Sunday, February 16, 2003

Proficiency test: Valuable tools

It is time to end the canard that Ohio's proficiency tests rob students of "real" learning because they force teachers to "teach to the tests."

Such tests help to ensure a broad, general knowledge among students, according to a new study by the Manhattan Institute for Policy Research, "Testing High Stakes Tests: Can We Believe the Results of Accountability Tests?"

Ohio's proficiency tests are used to reward or sanction schools for their academic performance, and they're required for high school graduation.

Educators opposed to high-stakes testing complain it forces them to change curricula and teaching methods to get students to pass the test without improving real learning. Because many states, including Ohio and Kentucky, now have such testing, and it's also central to the new federal No Child Left Behind Act, the Manhattan Institute findings are valuable to the national debate on this issue.

The researchers compared results on the Ohio Proficiency and several other high-stakes tests nationwide with results on other, commercially designed tests given in the same school systems to the same students. Because the other tests aren't used for accountability purposes, they're dubbed "low-stakes" tests.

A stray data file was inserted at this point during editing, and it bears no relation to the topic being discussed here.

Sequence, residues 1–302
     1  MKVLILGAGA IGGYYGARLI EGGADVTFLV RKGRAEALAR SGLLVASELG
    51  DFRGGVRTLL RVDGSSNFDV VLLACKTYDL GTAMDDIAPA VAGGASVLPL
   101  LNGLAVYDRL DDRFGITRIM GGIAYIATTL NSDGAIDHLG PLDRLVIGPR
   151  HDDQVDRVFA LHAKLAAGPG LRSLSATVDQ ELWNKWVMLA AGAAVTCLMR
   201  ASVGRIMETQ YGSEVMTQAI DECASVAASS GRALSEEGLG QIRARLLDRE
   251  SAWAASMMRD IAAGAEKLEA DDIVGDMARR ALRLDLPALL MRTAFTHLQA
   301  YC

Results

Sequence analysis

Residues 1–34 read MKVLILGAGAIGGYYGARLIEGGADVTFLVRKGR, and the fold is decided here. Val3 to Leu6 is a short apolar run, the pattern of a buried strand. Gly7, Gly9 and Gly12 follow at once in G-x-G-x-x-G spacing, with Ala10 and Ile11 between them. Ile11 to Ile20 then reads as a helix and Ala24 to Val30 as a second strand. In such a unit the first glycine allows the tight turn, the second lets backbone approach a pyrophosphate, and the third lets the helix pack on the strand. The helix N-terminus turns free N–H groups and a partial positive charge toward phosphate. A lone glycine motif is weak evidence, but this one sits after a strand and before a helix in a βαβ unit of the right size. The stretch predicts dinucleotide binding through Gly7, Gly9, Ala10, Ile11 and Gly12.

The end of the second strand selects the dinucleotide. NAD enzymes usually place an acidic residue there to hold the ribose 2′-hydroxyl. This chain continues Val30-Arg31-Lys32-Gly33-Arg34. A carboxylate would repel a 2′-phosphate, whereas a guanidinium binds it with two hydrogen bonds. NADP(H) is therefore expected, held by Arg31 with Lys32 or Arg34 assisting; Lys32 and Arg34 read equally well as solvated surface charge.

The study examined seven school systems and two states, comprising 9 percent of all public school students. The districts included Fairfield schools in Butler County and Toledo city schools.

They found very strong correlations between results on high- and low-stakes tests. The similar scores indicate that the stakes of the tests do not distort information about the general level students are performing.

Whether or not schools and states cheat, distort and manipulate the test scores is another matter for scrutiny. So is designing accountability systems that fairly address differences in performance influenced by family income, background and other factors. But high-stakes tests are valuable measures of school accountability.

The entire Manhattan report is available online at www.miedresearchoffice.org.

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